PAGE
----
My third chemo card from my wonderful colleague at work, and I so needed it ‘You got this’. Two days back into work and she couldn’t have nailed the sentiment more. I don’t have to keep spinning all the plates, I don’t have to always have it. But my poor little head is now getting a mental battering that I cannot do everything. It was so good to read in words from someone else though and I’d imagine that I will revisit this card over the coming months to remind myself of the message.
I also now have a wig. Yesterday at the same time of day I was excited. Today I am not and I have not worn it! I feel more self conscious now than ever. I might leave it until I have to face people who don’t know what I’m going through. That was the main reason I got it – so I didn’t have to cringe inside under the gazes of other people. Certainly a lot of parents at the school don’t know (winter is great for hiding a bald head under a woolly hat!). I’ve got a cubs party next Saturday -maybe I will do it then after a play with the wig in the house (by myself and without anyone wanting to share it!). There’s also a lot of external work colleagues that I will need to see in coming weeks and again, I had planned that the wig would be my confidence boost, my ability to still rock into a room, be the strong, feisty woman that everyone knows; without anyone doubting my ability, my strength or anything else that they may feel they will question. I know this sounds irrational as my pragmatic head wouldn’t do that myself but my little irrational devil is chipping away at my mind-set and has me second guessing actions that wouldn’t have phased me before this journey started.
First chemo of 2019, third chemo of six due today. But pre chemo I am booked in with the Oncologist. Maybe I might find out about radiotherapy!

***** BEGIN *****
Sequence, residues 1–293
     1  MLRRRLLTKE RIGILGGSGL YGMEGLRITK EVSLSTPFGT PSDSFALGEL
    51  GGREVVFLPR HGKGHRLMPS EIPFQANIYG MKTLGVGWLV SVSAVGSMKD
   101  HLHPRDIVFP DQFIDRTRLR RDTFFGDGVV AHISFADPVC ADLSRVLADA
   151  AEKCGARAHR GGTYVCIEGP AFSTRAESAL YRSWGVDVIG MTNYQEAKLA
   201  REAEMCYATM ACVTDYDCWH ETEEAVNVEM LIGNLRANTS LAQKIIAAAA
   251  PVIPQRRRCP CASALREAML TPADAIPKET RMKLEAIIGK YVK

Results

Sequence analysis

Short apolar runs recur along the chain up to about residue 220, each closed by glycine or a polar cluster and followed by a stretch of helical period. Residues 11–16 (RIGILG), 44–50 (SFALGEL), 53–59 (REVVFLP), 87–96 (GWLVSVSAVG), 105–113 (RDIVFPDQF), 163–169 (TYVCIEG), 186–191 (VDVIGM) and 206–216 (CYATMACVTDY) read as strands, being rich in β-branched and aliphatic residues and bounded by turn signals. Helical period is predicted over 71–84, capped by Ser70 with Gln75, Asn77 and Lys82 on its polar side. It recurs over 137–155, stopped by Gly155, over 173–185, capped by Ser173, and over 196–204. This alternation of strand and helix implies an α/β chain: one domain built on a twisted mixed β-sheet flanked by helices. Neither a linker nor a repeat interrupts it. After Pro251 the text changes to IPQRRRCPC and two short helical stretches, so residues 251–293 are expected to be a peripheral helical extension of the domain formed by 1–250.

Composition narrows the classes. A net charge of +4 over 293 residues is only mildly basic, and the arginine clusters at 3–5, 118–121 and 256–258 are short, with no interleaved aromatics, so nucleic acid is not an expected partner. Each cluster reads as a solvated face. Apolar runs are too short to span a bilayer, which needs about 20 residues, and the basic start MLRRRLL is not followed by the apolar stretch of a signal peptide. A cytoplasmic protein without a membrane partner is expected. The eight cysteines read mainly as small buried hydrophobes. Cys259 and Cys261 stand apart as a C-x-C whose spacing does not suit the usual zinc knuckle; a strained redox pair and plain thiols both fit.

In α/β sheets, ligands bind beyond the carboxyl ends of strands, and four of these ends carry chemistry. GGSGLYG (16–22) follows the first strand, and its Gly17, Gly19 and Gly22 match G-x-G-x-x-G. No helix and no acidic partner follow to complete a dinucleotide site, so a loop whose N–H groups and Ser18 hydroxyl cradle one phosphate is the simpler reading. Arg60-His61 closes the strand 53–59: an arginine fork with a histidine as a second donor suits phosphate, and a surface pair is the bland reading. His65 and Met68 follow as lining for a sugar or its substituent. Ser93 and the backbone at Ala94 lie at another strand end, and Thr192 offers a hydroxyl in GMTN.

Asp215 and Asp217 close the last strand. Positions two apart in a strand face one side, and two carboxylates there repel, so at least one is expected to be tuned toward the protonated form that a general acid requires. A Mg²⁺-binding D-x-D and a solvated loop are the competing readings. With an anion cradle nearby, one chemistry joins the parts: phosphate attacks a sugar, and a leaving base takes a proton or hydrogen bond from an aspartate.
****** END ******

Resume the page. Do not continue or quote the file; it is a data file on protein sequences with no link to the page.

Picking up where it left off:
Nope, oncologist appointment and I didn’t get to meet the scary woman, but got to meet a lower level of the clan. I was asked whether I had any side effects from the chemo – I mentioned I had crazy eyes and my wrist (vein) pain – then said no to anything else. However the questions didn’t stop there – he proceeded to ask about every side effect that was possible to which I responded ‘no’ too for every one. I thought I’d covered that by my initial no!! The man cub was twitching with frustration at this point!! The only thing the questions did was prolong the appointment by another three minutes. I was advised I could get a prescription for the poorly eyes and could pick up at the pharmacy in the hospital.
When I was finally finished saying no, I asked what would happen with radiotherapy. ‘Have you had your pre assessment appointment’. No. ‘You’ll find out then’….. Great, thanks, good to know. Thanks mate. We left in a record breaking five minutes of entering, with a prescription, and no further forward. I thought the man cub was going to internally combust.
We then tried to go and get some headscarves as I still wasn’t wearing the wig and my head was still bloody freezing. That didn’t go well either – we caught the volunteer on the hop, setting up and not in the zone. I got wrong for trying a head scarf on; ‘people don’t like it’ (well people can wash the bloody scarves), was flashed a lot of styles, had to pay cash, cash had to be taken to finance office, did I have change, if the finance office was shut I might not get changed…. We left with two scarves. And a mood that was dropping further.
Back on the ground floor of the hospital, and with plenty of time before chemo (they’d given us half an hour between appointments – that hadn’t been needed), we searched for the pharmacy which it transpired wasn’t signposted until halfway along a corridor and was in the bowels of the lower ground level. It was a quiet walk between us – we were both trying to maintain normality. We should have known at this point the day was fated. Yep, the hospital didn’t stock that prescription and I would need to go to a local pharmacy. We both buckled and burst out laughing. This is our luck. This is what we laugh at. We could have cried, but laughing was our go to and we belly laughed all the way back to the chemo ward – the nurses totally think we’re mad – who enters the chemo ward still laughing?!
I’m half way there. But god, I will not miss this cocktail. The ward is still as impersonal as ever and as I was on the main ward today it was worse than usual. The red drugs entered for the last time, and then the other two lots. But we’re done with them. Also got a little bit of information from the nurses who said I’d go a big hospital in town for four to five weeks for radiotherapy. While that sounds logistically gruelling its doable and more information than we have had.
But we’re done. Halfway there. And I’ve still got this. I’m clinging on to the fact I have. Its getting harder though….